In its survey, McKinsey found that companies with strong design achieved 32% higher revenue growth and 56% higher total shareholder return growth over a five-year period. However, it concluded that while there are more opportunities than ever to pursue "user-centric, analytically informed design" today, "many companies have been slow to catch up."
Hearing-aid technology is finally design-friendly
Until recently, the hearing aid industry players were among those “slow to catch up.” But it wasn’t for lack of trying. Each of the Big Six (now Big Five) hearing aid manufacturers have experimented over the years with multiple new form factors ranging from in-the-ear (ITE) to completely-in—canal (CIC) to behind-the-ear (BTE) to receiver-in-canal (RIC), among others. But all those design variations were constrained by technical obstacles.
For instance, the bulky disposable hearing aid batteries that until recently powered nearly all hearing aids were difficult to fit into a small, attractive hearing aid. A “size 10” hearing aid battery is about as big as a baby aspirin, while the larger “size 312” and “size 13” batteries, used with more powerful hearing aids, are about the size of a hard-to-swallow 500-milligram Vitamin C pill.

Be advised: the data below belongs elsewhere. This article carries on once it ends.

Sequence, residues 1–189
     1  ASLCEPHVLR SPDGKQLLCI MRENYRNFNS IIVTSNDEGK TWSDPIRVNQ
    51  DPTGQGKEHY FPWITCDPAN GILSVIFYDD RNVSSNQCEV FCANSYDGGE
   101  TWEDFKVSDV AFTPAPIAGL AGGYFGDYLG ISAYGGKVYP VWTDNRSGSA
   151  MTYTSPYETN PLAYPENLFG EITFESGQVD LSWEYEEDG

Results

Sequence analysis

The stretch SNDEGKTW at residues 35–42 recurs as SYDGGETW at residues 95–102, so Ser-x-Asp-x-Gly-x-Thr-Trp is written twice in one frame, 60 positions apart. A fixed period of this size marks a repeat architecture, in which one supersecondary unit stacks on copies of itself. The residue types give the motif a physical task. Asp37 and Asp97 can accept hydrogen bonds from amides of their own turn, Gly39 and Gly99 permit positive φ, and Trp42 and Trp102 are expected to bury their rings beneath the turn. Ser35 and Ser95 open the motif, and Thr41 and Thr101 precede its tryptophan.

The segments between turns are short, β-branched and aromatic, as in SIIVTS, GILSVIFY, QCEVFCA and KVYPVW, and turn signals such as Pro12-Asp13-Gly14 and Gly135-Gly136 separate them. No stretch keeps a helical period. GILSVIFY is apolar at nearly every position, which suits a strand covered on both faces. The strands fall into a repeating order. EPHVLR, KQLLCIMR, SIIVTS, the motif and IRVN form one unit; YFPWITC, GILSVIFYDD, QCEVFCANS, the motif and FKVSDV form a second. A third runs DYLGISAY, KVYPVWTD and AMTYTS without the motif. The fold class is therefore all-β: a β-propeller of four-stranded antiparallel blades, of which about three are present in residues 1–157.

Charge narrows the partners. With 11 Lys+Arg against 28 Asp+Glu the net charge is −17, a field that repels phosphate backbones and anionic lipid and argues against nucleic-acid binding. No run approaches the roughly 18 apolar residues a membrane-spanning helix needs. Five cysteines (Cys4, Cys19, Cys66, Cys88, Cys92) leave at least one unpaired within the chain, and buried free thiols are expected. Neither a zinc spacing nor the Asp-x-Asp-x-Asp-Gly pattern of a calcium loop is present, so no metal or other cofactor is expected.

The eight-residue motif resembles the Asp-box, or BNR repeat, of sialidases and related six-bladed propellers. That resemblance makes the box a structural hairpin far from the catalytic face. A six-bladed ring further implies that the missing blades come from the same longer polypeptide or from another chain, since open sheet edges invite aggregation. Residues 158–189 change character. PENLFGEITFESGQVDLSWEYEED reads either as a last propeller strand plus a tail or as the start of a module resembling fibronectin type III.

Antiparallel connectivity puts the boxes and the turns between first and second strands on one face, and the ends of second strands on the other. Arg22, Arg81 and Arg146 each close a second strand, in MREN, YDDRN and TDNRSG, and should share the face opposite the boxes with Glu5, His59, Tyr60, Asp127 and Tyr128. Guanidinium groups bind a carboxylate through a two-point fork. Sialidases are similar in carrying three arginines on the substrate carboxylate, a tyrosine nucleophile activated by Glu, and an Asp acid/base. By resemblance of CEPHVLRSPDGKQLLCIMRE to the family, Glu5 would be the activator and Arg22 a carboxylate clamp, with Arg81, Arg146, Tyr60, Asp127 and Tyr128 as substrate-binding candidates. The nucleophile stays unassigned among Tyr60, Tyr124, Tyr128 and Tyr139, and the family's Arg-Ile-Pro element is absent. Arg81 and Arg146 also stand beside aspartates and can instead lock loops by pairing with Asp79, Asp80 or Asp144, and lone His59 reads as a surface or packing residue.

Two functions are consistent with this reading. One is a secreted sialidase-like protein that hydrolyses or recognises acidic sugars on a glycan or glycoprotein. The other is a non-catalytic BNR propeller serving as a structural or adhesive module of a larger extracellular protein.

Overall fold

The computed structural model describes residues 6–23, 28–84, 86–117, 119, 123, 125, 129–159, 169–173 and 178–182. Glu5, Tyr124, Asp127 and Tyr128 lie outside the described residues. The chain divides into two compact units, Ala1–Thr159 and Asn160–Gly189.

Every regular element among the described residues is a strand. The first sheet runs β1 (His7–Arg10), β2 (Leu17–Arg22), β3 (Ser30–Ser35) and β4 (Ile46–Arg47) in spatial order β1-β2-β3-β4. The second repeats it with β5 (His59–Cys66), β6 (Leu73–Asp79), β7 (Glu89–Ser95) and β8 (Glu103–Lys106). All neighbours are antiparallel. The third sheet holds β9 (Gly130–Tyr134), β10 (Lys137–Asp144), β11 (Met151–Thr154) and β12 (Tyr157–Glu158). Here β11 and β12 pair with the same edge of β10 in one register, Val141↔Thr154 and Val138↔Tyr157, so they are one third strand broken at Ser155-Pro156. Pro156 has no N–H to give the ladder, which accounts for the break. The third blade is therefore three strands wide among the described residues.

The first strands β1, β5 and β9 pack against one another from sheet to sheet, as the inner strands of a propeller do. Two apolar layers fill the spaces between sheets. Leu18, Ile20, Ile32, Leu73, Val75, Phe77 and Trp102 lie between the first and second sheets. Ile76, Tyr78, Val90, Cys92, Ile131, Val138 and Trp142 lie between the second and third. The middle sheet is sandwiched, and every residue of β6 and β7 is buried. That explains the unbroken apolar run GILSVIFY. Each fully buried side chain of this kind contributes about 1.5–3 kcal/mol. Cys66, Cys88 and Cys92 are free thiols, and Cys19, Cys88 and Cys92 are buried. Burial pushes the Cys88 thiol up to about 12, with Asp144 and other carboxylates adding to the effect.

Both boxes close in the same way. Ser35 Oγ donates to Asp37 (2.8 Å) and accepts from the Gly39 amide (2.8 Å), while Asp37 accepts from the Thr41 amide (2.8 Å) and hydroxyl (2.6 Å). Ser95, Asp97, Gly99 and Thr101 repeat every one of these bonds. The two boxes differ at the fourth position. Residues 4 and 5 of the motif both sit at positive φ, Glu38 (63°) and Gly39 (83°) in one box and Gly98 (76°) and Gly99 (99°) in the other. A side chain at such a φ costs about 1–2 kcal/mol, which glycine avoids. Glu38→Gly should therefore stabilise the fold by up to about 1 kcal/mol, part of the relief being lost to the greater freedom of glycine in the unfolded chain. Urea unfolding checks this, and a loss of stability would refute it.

And the batteries had to be removable, which required a sliding insert or tiny door with a hinge, adding to the bulk of the hearing aid.
But recent improvements in battery technology—especially with rechargeable batteries—have made entirely new form factors possible. Rechargeable batteries are finally small enough, powerful enough, and long-lasting enough to be provide a full day of power for discreet hearing aids.
And with some slick engineering, the hearing aid companies are finding innovative ways to reshape rechargeable batteries to enable entirely new hearing aid form factors. This is why the Signia Styletto, with its stiletto-heel look, is truly a revolution for the hearing aid industry.
Seeing is believing
For more on the ins and outs of cool hearing aid design, check out the video review of the Styletto hearing aids from Dr. Cliff, AuD, whose YouTube series of videos is a must-subscribe for anyone shopping for hearing aids.
Miniaturization hits critical mass
Another technology trend that’s leading to more interesting hearing aid designs is miniaturization. The long march of “smaller-faster-less-expensive” semiconductor chips has driven numerous improvements in computing and communications over the past thirty years.
Just look at your mobile phone, which packs more processing power than IBM's original room-filling computers. Now those technology advances are finally reaching the tiny hearing aid.
It's taken a while to pack all the processing power today's hearing aids need into form factors that fit inside the ear. But smaller sound processing and communications chips are now so powerful that your hearing aids can nearly do it all.
They can make and receive phone calls, let you talk to Siri, get audio transcriptions of your text messages, and perform dozens of other tasks—all while providing hearing enhancement customized to your personal audiogram.